Caster Semenya’s running future will be decided by three judges starting next week in a landmark case that will challenge science and gender politics.
The twice Olympic 800 metres champion from South Africa is looking to overturn eligibility rules for hyperandrogenic athletes proposed by athletics’ world governing body.
The International Association of Athletics Federations wants to require women with naturally elevated testosterone to lower their levels by medication before being allowed to compete in world-class races from 400 metres to one mile.
Semenya “looks forward to responding to the IAAF at the upcoming hearing,” her lawyers in Johannesburg, Norton Rose Fulbright, said in a statement yesterday.
“She asks that she be respected and treated as any other athlete: her genetic gift should be celebrated, not discriminated against.”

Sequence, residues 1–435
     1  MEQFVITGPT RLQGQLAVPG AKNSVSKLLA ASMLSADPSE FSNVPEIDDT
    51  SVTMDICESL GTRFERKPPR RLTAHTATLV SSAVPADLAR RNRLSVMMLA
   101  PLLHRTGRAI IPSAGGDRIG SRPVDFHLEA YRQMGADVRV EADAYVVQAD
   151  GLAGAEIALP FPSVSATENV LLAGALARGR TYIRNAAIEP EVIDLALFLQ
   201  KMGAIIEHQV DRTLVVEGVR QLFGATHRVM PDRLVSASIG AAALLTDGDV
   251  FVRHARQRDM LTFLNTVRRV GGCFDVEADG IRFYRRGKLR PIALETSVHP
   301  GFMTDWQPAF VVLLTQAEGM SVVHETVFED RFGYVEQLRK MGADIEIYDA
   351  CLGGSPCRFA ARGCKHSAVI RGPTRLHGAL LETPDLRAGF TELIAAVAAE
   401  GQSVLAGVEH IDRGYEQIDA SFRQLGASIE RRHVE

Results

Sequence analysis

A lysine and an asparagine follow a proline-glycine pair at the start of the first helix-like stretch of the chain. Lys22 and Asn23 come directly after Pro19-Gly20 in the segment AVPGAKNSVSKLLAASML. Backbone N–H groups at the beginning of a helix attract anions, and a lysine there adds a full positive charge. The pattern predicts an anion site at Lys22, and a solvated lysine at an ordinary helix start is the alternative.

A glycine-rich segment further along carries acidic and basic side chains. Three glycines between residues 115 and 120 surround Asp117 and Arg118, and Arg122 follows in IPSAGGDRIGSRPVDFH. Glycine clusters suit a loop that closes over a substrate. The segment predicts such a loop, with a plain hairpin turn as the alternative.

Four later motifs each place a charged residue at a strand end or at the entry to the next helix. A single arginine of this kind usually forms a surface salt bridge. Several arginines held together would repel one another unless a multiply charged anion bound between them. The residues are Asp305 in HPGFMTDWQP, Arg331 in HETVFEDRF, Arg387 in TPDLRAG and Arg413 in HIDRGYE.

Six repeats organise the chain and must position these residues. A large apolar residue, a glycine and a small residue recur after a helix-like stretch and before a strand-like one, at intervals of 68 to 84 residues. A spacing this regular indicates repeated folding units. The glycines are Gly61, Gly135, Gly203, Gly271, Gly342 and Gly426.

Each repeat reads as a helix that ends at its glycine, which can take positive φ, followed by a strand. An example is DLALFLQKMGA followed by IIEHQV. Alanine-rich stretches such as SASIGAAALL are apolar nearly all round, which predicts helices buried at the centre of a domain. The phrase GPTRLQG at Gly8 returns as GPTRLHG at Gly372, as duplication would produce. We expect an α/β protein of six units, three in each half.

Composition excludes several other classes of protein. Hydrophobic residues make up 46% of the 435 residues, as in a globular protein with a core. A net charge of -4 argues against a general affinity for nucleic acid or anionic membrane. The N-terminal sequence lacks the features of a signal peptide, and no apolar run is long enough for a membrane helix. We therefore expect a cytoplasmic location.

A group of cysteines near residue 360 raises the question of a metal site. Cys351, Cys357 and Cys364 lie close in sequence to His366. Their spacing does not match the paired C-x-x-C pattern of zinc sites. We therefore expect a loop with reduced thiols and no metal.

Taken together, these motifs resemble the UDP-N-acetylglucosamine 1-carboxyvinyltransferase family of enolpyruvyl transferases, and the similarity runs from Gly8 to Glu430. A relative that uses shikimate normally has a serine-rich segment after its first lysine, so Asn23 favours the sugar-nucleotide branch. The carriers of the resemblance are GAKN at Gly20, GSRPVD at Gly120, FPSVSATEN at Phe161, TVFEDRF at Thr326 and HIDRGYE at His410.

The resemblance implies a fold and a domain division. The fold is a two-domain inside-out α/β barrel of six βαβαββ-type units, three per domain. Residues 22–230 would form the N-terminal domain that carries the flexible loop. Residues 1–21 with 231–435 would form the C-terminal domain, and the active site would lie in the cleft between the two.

A scheduled five-day appeal case starting on Monday is among the longest ever heard by the Court of Arbitration for Sport (CAS).
The verdict, expected next month, could also be among the most ethically controversial in the sports court’s 35-year history.
The panel of three CAS judges could decide based only on science: can the IAAF prove women with differences of sexual development get a significant performance advantage from male levels of testosterone?
The IAAF insists no woman is being reclassified as male, and it “makes no judgment about gender or sexual identity.”
IAAF president Sebastian Coe said last year: “[The rules] are about levelling the playing field to ensure fair and meaningful competition in the sport of athletics where success is determined by talent, dedication and hard work rather than other contributing factors.”
Still, Semenya’s case has been championed by United Nations human rights experts and women’s sport activists, led by Billie Jean King, who see potential abuse and discrimination in the IAAF’s proposal.
As for the science, lawyers for Semenya will call expert witnesses from the United States and her native South Africa to discredit the governing body’s research. The evidence could help deliver a second loss for the IAAF at CAS on an issue that has flared for a decade and cast a shadow on Semenya’s career.